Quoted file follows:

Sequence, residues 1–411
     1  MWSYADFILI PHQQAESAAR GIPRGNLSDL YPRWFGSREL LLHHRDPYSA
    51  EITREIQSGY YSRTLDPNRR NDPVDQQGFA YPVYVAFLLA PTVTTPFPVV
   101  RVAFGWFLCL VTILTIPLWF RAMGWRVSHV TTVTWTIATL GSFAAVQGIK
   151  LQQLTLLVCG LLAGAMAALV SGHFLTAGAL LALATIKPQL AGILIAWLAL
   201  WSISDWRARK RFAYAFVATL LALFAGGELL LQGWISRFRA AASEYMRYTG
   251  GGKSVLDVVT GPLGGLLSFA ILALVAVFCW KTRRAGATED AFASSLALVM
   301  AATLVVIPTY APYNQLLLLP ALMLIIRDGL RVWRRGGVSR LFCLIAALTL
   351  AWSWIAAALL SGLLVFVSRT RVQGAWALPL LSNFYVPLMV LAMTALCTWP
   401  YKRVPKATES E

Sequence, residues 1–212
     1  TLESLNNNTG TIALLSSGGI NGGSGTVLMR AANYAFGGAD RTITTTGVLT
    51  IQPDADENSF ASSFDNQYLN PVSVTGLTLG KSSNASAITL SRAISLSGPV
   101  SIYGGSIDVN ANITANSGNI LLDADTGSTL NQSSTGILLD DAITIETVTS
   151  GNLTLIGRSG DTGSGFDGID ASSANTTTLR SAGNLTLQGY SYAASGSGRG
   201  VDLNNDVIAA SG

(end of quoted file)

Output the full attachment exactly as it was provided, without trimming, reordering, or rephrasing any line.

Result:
Sequence, residues 1–411
     1  MWSYADFILI PHQQAESAAR GIPRGNLSDL YPRWFGSREL LLHHRDPYSA
    51  EITREIQSGY YSRTLDPNRR NDPVDQQGFA YPVYVAFLLA PTVTTPFPVV
   101  RVAFGWFLCL VTILTIPLWF RAMGWRVSHV TTVTWTIATL GSFAAVQGIK
   151  LQQLTLLVCG LLAGAMAALV SGHFLTAGAL LALATIKPQL AGILIAWLAL
   201  WSISDWRARK RFAYAFVATL LALFAGGELL LQGWISRFRA AASEYMRYTG
   251  GGKSVLDVVT GPLGGLLSFA ILALVAVFCW KTRRAGATED AFASSLALVM
   301  AATLVVIPTY APYNQLLLLP ALMLIIRDGL RVWRRGGVSR LFCLIAALTL
   351  AWSWIAAALL SGLLVFVSRT RVQGAWALPL LSNFYVPLMV LAMTALCTWP
   401  YKRVPKATES E

Sequence, residues 1–212
     1  TLESLNNNTG TIALLSSGGI NGGSGTVLMR AANYAFGGAD RTITTTGVLT
    51  IQPDADENSF ASSFDNQYLN PVSVTGLTLG KSSNASAITL SRAISLSGPV
   101  SIYGGSIDVN ANITANSGNI LLDADTGSTL NQSSTGILLD DAITIETVTS
   151  GNLTLIGRSG DTGSGFDGID ASSANTTTLR SAGNLTLQGY SYAASGSGRG
   201  VDLNNDVIAA SG